This work focuses on multimodal communication and a transmediatic approach to narratives (storytelling cf. Jenkins 2006). Although anchored in the traditional semiotic narrative mentioned above, it is situated, more specifically, in the field of socio-semiotics (cf. Kress and Van Leewven 1996; 2010), looking at the modes and means of expression and reception of messages. Methodology: This qualitative research followed three methodological steps. First, exposition of the theoretical path, then identification of the relevant bibliography in cognitive linguistics and, finally, the use of theconcept of convergence applied to multimodal communication, from the previously indicated approach on conceptual metaphor as a cognitive process of semiotic relevance. These theoretical assumptions were applied in the analysis of different representations of the Harry Potter phenomenon, in its diverse and convergent material occurrences. Analysis: The analysis performed confirms that narrative processes as transmedia texts can create a comprehensive fictional environment, open to multiple contexts of interpretation and reformulation, being able to mobilize mechanisms of convergent meaning and sequential narratives that work on multi-platforms of frequent access to a wide audience (Jenkins 2006). Starting from the concept of form introduced by3 Kress and Van Leewen (1996), a proposal of a socio-semiotic character is presented, focusing on multimodal communication (cf. Kress 2010). It intersects with the theory of conceptual metaphor introduced by Lakoff and Johnson (1980), thereby creating structures of convergence between various media of access to each narrative object (Jenkins 2006). Discussion: Explores the narrative universe of a product using transmediatic mechanisms, highlighting a question of cognitive experience, more than use, since it creates commitments and interpretative challenges that are necessary to both authors and audiences (Scolari 2009). This approach is illustrated with the example of the narratives created around the character of Harry Potter (Rowling 1997-2007), in which case it is part of a series of books and analog games, which, in turn, are at the origin of an extensive media production, digital games and online platforms with active participation of fan communities of the character. Conclusion: Research demonstrates the relevance of this proposal, underlining the multimodal and, at the same time, transmediality of the current forms of creation and access to narrative texts. The series can be considered a significant example of transmedia narratives in the sense of Jenkins (2006), since it promotes a whole set of modalities and possibilities of representation in a variety of formats.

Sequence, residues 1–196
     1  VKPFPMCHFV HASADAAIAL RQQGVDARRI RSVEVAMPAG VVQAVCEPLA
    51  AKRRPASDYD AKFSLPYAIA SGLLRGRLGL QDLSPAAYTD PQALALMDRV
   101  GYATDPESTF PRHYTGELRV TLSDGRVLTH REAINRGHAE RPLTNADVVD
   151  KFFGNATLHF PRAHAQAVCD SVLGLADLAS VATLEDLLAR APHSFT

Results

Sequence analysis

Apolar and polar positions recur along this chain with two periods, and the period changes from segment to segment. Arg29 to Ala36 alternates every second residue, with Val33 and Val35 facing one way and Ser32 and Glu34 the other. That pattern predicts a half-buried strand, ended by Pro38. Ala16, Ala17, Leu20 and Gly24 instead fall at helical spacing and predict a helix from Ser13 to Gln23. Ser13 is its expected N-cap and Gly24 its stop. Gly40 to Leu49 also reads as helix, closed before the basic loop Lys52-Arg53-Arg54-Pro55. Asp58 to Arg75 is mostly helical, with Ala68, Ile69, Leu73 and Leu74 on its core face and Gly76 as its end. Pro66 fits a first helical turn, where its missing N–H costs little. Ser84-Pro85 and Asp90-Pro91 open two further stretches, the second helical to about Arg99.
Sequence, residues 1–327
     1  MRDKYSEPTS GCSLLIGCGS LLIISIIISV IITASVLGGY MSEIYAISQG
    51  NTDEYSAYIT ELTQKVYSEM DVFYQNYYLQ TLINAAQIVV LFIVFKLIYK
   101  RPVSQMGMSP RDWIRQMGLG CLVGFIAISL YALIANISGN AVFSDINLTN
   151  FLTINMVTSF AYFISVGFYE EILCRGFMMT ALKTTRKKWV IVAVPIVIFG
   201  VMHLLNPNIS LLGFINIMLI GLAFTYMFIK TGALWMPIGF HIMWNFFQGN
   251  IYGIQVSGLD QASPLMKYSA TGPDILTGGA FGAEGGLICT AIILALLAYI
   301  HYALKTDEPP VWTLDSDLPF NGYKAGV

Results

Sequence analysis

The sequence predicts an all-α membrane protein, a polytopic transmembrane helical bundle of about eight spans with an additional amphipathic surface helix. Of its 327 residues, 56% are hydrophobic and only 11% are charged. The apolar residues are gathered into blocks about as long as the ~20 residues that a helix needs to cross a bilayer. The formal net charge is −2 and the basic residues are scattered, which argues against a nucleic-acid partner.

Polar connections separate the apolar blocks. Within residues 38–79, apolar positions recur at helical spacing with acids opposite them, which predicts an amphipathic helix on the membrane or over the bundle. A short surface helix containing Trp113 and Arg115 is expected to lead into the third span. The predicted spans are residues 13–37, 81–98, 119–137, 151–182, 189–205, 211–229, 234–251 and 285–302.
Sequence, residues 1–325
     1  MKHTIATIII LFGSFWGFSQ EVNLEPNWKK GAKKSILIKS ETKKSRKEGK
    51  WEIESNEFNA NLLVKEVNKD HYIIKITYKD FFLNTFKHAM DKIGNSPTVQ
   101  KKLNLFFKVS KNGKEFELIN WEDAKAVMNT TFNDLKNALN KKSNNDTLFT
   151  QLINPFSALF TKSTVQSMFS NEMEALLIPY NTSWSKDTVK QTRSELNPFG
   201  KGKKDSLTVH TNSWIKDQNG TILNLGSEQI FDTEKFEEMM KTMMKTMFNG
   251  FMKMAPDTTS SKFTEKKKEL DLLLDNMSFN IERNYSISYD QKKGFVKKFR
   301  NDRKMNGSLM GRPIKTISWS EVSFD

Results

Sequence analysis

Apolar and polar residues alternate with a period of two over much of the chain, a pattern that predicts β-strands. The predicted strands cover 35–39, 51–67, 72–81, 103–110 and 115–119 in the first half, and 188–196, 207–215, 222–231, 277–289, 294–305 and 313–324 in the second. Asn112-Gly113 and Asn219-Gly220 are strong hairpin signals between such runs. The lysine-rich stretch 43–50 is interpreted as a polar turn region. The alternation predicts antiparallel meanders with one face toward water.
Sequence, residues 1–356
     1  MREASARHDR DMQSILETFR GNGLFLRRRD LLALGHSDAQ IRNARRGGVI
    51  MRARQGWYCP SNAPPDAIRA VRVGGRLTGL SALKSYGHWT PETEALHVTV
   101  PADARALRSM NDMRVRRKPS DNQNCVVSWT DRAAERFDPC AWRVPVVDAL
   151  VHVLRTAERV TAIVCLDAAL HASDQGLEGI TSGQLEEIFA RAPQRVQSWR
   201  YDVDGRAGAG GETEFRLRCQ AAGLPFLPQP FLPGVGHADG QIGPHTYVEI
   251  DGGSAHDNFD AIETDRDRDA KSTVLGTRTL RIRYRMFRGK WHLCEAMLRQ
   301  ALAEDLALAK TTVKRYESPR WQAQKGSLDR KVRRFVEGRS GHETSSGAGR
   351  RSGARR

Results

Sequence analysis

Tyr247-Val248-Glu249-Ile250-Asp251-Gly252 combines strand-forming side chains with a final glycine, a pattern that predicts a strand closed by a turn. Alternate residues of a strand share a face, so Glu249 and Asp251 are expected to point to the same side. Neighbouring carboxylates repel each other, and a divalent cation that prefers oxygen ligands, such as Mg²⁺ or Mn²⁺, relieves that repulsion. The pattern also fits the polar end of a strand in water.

|Translated title of the contribution||Multimodal communication - a sociosemiotic approach to transmedia narratives|
|Number of pages||15|
|Publication status||Published - 2021|
- Cognitive mechanisms
- Multimodal communication
- Transmedia narrative